Examples of the justices reversing course on our most fundamental legal questions could fill a casebook. In 1990’s Metro Broadcasting v. Federal Communications Commission, the court upheld a federal affirmative action law, saying that Congress has much more discretion to use racial preferences than the states do because of its power under Section 5 of the 14th Amendment to enforce the equal protection of the laws. Just a few years later, however, the court flatly overruled that case and held that strict scrutiny, the test used to evaluate state affirmative action programs, applied to such laws. Nothing had changed but the personnel on the court.
In 1939, the Supreme Court held that the Second Amendment only applied to military-style weapons. That decision lasted nearly 70 years, until the justices ruled in 2008 that the amendment protects an individual right to own handguns.
From 1791 to 1963, the First Amendment’s free exercise clause did not, according to the justices, require religious exemptions from generally applicable laws. From 1963 to 1990, the court held such exemptions were required in some circumstances. Then in 1990, the court reversed course again and said the old rule was better.
The establishment clause of the First Amendment at one time didn’t limit government aid to religious schools; then the court ruled that it prohibited most aid, and now all such aid is legal as long as similar assistance is also provided to nonreligious schools. On Friday, the court took up a case that would require some states to fund religious schools.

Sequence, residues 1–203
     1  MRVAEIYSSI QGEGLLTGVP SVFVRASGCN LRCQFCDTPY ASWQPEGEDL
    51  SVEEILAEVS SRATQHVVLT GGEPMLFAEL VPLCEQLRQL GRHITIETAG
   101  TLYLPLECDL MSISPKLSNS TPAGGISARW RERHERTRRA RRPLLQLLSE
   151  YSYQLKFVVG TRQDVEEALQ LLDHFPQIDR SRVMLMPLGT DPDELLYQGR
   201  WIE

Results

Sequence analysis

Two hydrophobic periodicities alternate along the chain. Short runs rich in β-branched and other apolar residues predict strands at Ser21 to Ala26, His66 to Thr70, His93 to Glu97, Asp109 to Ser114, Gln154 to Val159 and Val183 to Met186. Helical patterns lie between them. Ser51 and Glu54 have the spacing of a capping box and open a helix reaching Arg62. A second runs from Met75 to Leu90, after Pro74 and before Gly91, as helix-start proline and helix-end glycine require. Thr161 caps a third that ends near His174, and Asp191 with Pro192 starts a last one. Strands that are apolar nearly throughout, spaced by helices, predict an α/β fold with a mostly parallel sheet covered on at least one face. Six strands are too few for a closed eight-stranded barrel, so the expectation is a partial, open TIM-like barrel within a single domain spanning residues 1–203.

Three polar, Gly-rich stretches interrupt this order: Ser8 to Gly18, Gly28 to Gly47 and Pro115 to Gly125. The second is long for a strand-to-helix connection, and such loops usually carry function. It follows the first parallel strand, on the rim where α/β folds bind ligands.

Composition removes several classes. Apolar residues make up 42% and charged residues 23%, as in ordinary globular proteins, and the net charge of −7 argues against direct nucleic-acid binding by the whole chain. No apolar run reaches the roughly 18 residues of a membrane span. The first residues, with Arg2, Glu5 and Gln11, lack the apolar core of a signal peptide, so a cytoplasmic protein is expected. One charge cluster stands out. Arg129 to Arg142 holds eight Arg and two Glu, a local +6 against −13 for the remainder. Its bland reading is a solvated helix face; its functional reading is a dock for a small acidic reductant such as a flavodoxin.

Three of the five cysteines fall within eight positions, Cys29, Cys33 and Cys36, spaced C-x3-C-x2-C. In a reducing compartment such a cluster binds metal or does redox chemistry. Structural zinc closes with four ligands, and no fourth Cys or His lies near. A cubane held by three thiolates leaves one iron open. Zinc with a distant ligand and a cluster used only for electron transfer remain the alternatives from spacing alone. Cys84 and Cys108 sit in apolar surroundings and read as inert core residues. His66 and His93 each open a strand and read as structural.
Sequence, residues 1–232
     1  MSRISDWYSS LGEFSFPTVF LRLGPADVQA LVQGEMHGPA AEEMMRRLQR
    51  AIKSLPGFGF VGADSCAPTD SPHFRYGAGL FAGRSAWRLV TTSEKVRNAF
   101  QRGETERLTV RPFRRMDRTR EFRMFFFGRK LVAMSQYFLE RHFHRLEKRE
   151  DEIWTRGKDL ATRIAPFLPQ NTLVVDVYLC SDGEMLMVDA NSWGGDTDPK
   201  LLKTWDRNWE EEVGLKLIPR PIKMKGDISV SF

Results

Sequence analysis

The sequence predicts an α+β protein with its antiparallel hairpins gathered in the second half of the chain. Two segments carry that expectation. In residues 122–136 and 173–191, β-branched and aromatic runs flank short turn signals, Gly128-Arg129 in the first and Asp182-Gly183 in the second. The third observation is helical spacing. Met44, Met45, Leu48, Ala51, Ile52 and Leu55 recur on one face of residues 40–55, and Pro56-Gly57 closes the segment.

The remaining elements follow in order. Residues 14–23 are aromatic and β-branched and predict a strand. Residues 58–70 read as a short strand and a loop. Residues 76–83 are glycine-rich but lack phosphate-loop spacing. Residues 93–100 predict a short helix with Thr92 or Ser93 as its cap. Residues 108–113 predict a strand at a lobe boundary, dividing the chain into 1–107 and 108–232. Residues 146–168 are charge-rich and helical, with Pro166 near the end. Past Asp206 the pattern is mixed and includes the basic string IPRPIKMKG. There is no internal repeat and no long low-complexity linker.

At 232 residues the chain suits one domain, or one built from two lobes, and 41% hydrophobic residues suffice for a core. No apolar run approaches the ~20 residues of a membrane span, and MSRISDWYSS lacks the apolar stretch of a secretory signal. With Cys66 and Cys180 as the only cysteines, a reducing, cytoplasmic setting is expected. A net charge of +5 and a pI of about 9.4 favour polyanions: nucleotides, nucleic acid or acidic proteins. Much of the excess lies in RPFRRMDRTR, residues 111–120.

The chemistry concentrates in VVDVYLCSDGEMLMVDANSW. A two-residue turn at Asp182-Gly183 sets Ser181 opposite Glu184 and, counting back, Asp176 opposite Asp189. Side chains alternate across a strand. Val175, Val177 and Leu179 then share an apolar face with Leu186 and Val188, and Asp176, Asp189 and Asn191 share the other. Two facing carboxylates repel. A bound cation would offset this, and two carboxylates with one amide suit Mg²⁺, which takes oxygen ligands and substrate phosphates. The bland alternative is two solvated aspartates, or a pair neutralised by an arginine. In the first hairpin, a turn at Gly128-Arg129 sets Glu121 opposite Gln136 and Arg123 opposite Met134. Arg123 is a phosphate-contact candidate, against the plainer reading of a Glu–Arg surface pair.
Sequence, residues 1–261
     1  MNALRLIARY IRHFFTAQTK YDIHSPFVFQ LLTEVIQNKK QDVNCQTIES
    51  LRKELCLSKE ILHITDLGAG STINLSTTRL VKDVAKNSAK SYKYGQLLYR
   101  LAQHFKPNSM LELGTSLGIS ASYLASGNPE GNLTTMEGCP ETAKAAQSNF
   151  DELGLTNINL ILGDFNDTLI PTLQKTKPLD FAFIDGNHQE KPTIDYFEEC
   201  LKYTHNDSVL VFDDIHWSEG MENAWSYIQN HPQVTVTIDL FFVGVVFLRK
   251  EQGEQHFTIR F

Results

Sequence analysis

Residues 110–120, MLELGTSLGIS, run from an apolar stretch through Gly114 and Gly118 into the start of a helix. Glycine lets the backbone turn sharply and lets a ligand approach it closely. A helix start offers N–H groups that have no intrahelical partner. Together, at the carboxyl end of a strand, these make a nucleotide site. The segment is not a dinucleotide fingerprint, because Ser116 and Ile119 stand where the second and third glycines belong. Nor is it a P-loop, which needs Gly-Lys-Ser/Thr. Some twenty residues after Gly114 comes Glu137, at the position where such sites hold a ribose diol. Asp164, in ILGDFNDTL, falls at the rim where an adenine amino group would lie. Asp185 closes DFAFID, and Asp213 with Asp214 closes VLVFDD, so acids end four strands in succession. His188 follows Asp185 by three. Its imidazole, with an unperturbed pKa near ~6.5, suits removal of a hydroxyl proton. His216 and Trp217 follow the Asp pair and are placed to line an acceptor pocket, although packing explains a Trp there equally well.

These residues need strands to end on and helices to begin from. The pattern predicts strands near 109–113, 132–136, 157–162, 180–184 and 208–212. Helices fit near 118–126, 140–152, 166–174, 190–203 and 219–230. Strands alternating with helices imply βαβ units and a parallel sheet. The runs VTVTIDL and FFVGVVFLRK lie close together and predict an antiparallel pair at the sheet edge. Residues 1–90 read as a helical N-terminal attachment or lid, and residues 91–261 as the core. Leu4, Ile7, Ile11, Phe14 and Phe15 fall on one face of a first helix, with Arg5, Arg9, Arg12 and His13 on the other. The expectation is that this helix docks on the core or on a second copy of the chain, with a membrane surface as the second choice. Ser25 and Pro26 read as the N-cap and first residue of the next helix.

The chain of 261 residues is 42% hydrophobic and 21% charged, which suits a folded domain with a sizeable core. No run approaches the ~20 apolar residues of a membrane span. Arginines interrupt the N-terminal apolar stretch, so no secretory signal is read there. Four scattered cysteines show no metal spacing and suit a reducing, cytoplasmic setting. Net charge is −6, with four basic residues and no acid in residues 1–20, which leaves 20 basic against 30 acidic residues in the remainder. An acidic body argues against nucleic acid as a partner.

These reversals, and many, many others, didn’t involve peripheral or discreet legal issues but our most important social and political questions. The justices have gone back and forth on affirmative action, abortion, campaign finance reform, gun control, free speech, government regulation of the economy, and numerous other country-defining issues solely because the court’s politics and values changed as the justices changed.
This past demonstrates that Kagan and Breyer are right to be worried about how many important cases are likely on the chopping block given the new conservative majority. Unless another liberal replaces a conservative justice, the next few years will likely bring the overturning of Roe v. Wade, much stricter review of gun control legislation, greater protections for “religious liberty” at the expense of LBGTQ rights, and even a return to the judicial overruling of laws regulating the economy. These changes will come about not because of any new insights into the Constitution’s original meaning or because of new constitutional text, but because the justices will decide cases the same way they always have—according to their values and politics, not the rule of law.